Wednesday, 15 May 2013

Daft Punk - Random Access Memories: Review

I may as well lay my cards on the table from the outset: I am disappointed with the new Daft Punk record. Whilst it was always going to be difficult to live up to the hype that they had generated with their tantalisingly expert advertising campaign, this record will fall below the expectations of even those who had drastically tempered their excitement for the Nile Rogers assisted effort.

Random Access Memories displays its artists’ hearts on its sleeve from the outset. The title of opener “Give Life Back to Music” alludes to a sentiment that the duo have expressed in interviews numerous times in the run up to the release; that much modern music, and particularly the electronic genres from which they sprung is lacking in soul and needs some heart injecting back into it. In some ways this is almost certainly a reaction to the EDM phenomena (that Daft Punk themselves helped birth with their 2007 Alive tour), which now finds itself traipsing across the stadiums of America, sponsored by energy drinks companies and playing amped-up  light and sound extravaganzas to drunken twenty-somethings. This is dance music, but not Dance Music.

However, Daft Punk’s main criticism is also where the problem with very own record now lies - the music is simply soulless. They have always walked a very fine line, playing with the theme of exploring human emotion via electronics, but whereas previous releases seemed to tap into something which allowed them to pull on the heartstrings, this does nothing. Witness the banal plodder that is “Instant Crush” featuring Julian Casablancas. This falls so close to much of the lame MOR pop on regular radio rotation that it’s astonishing that it comes from a group who have previously created their own zeitgeist.

Likewise “Doin’ It Right” with a guest vocal by Panda Bear of Animal Collective. This could have, like many tracks on the record, been an ideal collaboration. Unfortunately it instead crawls along, repetitive in the way that bad pop music sometimes is, rather than the way good electronic music sometimes is. This is not to say that Daft Punk’s move to the pop centre was always doomed to fail, in my opinion the best track on their magnum opus Discovery was the Todd Edwards assisted “Face to Face”, at that point by far the poppiest song that they had ever made.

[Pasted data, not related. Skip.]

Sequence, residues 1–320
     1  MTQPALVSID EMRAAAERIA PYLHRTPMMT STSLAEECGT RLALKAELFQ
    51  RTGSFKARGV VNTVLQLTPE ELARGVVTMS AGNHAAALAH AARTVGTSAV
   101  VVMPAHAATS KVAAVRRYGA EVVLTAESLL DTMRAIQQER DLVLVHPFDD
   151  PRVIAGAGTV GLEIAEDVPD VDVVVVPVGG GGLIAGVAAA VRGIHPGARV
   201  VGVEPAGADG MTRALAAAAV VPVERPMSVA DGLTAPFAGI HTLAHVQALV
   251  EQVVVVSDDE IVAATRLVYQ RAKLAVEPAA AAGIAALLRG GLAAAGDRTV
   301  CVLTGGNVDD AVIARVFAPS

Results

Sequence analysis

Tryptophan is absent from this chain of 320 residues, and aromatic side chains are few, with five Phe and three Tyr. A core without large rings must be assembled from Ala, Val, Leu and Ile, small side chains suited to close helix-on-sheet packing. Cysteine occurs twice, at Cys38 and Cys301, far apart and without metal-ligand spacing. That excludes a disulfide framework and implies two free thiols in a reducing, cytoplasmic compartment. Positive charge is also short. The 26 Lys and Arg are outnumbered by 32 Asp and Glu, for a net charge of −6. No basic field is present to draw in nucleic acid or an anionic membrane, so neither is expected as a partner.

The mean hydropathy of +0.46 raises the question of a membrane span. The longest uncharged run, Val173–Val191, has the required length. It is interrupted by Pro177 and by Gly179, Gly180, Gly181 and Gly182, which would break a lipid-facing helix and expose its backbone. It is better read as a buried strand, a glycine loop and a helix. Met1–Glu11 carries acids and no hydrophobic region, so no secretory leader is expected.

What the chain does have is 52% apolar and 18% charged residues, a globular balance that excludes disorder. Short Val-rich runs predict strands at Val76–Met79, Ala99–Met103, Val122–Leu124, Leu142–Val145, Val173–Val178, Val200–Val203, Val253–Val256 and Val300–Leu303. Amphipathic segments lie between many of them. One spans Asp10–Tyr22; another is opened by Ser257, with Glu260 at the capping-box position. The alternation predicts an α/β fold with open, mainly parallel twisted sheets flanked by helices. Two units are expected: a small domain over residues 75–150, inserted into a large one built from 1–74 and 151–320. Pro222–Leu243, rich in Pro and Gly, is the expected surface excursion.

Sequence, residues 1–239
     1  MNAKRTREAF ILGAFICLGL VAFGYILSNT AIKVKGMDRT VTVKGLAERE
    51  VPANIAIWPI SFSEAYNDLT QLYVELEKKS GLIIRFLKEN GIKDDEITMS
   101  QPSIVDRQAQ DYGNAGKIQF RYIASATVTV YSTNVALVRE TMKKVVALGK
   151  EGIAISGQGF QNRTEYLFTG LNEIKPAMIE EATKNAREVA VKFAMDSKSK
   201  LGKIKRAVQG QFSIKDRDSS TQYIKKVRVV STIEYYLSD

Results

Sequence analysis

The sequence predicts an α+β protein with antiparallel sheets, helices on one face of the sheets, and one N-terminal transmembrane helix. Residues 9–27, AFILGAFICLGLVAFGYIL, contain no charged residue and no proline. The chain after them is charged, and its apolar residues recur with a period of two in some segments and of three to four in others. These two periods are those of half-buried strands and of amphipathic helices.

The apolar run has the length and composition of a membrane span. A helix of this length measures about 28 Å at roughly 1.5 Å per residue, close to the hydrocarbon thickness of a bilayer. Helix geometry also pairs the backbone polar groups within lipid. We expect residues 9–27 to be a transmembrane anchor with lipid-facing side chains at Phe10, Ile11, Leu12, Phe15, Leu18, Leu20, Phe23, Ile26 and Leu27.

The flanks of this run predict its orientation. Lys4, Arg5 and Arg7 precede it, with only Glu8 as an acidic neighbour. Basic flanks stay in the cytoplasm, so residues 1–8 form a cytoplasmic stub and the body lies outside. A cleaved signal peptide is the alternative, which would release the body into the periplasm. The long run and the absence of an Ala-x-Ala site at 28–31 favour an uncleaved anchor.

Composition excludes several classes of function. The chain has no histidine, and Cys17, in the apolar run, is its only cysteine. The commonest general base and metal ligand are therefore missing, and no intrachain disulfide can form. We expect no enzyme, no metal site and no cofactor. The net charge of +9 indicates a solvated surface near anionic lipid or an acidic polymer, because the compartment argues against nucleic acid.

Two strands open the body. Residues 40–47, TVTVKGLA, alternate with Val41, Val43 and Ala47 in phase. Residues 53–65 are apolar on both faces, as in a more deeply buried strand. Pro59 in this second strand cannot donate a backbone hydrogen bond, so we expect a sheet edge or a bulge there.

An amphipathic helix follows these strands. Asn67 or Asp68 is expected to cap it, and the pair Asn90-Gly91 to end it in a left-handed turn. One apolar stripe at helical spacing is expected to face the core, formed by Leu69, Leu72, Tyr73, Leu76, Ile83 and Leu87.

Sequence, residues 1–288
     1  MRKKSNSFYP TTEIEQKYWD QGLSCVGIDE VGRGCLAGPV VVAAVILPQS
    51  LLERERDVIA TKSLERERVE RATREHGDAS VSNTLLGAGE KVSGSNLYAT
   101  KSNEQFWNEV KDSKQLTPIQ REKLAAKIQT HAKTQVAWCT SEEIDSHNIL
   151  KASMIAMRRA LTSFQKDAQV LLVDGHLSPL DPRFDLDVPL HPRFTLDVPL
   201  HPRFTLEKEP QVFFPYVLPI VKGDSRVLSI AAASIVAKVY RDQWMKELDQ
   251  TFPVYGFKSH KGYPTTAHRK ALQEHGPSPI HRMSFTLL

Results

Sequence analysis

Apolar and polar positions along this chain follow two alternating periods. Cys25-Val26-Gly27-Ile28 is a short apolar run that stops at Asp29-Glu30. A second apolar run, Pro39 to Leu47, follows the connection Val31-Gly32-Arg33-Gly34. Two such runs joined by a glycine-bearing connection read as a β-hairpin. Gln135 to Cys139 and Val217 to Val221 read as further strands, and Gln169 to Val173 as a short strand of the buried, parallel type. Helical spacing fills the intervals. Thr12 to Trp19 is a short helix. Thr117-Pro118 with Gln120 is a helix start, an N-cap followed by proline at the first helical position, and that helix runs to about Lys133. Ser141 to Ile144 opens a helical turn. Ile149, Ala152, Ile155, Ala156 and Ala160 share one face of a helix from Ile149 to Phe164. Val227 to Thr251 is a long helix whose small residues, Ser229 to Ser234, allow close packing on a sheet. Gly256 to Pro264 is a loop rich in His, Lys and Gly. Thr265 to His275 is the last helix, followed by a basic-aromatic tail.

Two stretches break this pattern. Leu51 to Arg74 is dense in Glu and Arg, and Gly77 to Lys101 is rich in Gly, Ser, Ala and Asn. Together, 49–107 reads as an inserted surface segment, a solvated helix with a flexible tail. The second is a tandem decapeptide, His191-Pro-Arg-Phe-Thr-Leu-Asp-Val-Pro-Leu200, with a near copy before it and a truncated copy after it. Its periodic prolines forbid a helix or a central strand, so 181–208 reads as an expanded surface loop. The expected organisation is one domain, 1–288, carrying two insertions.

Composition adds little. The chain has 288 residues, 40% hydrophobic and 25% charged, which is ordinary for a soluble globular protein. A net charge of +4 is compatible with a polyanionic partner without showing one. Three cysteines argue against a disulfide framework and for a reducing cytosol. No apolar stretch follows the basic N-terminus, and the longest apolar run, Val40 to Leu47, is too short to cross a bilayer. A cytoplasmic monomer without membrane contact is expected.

Neither is it to say that the record is all bad. “Touch”, including delicate vocals from Paul Williams is not without its own very bizarre kind of charm and “Get Lucky” is also a pretty good pop song that by now most people reading this will have heard and formed their own opinion on. For me by far the highlight is the Giorgio Moroder assisted (funnily enough) Giorgio by Moroder, and not only because the monologue by the iconic Italo-German producer makes you feel as if he’d be a thoroughly nice chap to sit down and have a cuppa with and discuss how nice it is to see the kids dancing. It actually feels fairly inspired when the track drops down to a synthesised kick matching Moroder’s description and falls silent before coming to life again as an entirely different beast.

In the most part however, this is a washover of a record not befitting of artists of this calibre. The sheer number and diversity of the guest spots leaves you with the feeling that Guy-Manuel de Homem-Christo and Thomas Bangalter are operating as mere curators rather than artists in their own right. Simply put, this is a record that has had such a sheen put on it that it has been polished into non-existence.